Top News

  • Jones named assistant dean for Graduate Medical Education

    James H. Jones, M.D., professor of clinical emergency medicine, IU School of Medicine, has been selected as assistant dean for Graduate Medical Education (GME). Effective Dec. 1, Dr. Jones will lead a team of professional faculty and support staff to manage GME educational programs and provide oversight for the development and implementation of the statewide Resident-as-Teacher program. Dr. Jones will provide leadership in developing annual goals for GME, including the Medical Student Education programs relating to the Resident-as-Teacher program.

    Dr. Jones is currently an active faculty member in the Department of Emergency Medicine and is immediate past president of the American Board of Emergency Medicine. During his distinguished career, Dr. Jones has been involved with medical education for both medical students and residents and is the recipient of numerous teaching awards.

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  • Plan to attend Nov. 18 Leo J. McCarthy, M.D., History of Medicine Lecture

    The Leo J. McCarthy, M.D., History of Medicine Lecture Series presents “What Was So Special About Sir William Osler?” on Wednesday, Nov. 18, from noon to 1 pm, in the Ruth Lilly Medical Library, first floor, 975 W. Walnut Street. The presenter, Charles S. Bryan, M.D., MACP, FRCP (Edin.), is the Hayward Gibbes Distinguished Professor of Internal Medicine Emeritus at the University of South Carolina School of Medicine and author of several books and articles on Osler.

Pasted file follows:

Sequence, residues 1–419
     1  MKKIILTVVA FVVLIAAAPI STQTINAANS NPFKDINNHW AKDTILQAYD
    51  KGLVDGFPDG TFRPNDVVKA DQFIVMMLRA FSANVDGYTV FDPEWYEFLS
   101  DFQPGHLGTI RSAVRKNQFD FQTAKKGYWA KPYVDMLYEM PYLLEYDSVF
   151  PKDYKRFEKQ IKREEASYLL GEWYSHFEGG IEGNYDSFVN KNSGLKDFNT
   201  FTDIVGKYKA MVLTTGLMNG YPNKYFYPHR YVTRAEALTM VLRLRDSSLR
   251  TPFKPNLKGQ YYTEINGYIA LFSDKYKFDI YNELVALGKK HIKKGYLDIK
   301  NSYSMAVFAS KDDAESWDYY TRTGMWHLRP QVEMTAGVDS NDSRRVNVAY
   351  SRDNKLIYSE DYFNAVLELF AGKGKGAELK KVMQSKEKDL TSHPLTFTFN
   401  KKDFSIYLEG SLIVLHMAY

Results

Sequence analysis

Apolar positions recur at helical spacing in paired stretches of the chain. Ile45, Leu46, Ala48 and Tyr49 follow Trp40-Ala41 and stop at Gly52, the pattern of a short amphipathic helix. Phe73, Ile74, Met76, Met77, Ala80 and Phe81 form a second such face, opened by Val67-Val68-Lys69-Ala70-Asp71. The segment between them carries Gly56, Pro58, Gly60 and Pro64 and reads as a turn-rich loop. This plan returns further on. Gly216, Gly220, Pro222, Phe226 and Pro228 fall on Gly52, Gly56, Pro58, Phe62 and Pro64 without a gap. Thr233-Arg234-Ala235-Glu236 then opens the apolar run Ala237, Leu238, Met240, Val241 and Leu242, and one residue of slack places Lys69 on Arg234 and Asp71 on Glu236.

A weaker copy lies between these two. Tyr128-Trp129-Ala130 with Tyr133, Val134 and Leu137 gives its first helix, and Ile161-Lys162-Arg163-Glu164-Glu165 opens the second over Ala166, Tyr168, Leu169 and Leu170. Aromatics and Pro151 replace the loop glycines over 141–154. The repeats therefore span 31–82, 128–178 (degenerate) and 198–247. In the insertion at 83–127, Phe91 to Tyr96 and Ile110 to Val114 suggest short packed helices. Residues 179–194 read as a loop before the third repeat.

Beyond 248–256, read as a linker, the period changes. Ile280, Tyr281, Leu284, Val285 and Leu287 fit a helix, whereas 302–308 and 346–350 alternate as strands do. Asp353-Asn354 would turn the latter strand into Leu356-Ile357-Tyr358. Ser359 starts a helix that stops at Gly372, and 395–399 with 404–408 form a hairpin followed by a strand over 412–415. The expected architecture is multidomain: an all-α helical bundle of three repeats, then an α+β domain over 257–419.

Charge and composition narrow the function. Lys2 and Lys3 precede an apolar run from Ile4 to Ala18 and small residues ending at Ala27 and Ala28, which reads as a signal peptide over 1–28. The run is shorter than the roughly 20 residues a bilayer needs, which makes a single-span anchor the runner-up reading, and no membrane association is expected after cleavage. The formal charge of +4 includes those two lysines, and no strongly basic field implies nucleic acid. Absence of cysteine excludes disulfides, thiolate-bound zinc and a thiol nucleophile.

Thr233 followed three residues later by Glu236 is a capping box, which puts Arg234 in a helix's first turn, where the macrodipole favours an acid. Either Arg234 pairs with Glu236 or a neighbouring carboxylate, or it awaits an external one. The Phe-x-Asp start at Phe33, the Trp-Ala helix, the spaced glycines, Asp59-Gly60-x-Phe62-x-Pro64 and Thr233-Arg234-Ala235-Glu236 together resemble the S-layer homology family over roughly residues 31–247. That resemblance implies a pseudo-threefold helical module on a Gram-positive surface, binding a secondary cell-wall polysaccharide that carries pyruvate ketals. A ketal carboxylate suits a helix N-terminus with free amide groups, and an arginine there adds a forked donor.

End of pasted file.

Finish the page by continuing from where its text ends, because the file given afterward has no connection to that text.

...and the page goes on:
A complimentary lunch will be provided beginning at 11:45 am. View the flyer for more information. 

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  • Nov. 13 event to honor creation of John W. Brown Chair in Cardiothoracic Surgery

    Plan to attend a special open house on Friday, Nov. 13, from 3:30 to 5 pm, to celebrate the establishment of the John W. Brown Chair in Cardiothoracic Surgery. The event will take place at Riley Hospital for Children at IU Health (take the glass elevators to the fifth floor breezeway).

    John W. Brown, M.D., Harris Shumacker Professor Emeritus of Surgery, was chief of the Division of Cardiothoracic Surgery at the IU School of Medicine for 20 years and continues to practice. This new endowed chair honors Dr. Brown and the program he helped to build.

    Income from the permanent fund will support an active faculty member in the Division of Cardiothoracic Surgery, while the remainder is reinvested in the endowment.

    For more information, call 317-274-3620 or 800-249-4002.


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  • Take part in nationwide survey focusing on Ruth Lilly Medical Library

    To support improvements, the Ruth Lilly Medical Library is participating in a nationwide project to measure the effectiveness of library services and resources. The assessment is being done with a Web-based survey designed to assist libraries in soliciting, tracking, understanding and acting upon users’ opinions of service quality.

    The survey is for faculty, staff and students. Answers should focus on Ruth Lilly Medical Library even if other libraries, such as University Library or the law library are used more frequently.

    Click here to complete the survey.

    Response to the survey is anonymous. However, one Fitbit ChargeHR will be awarded to one randomly selected person in multiple categories.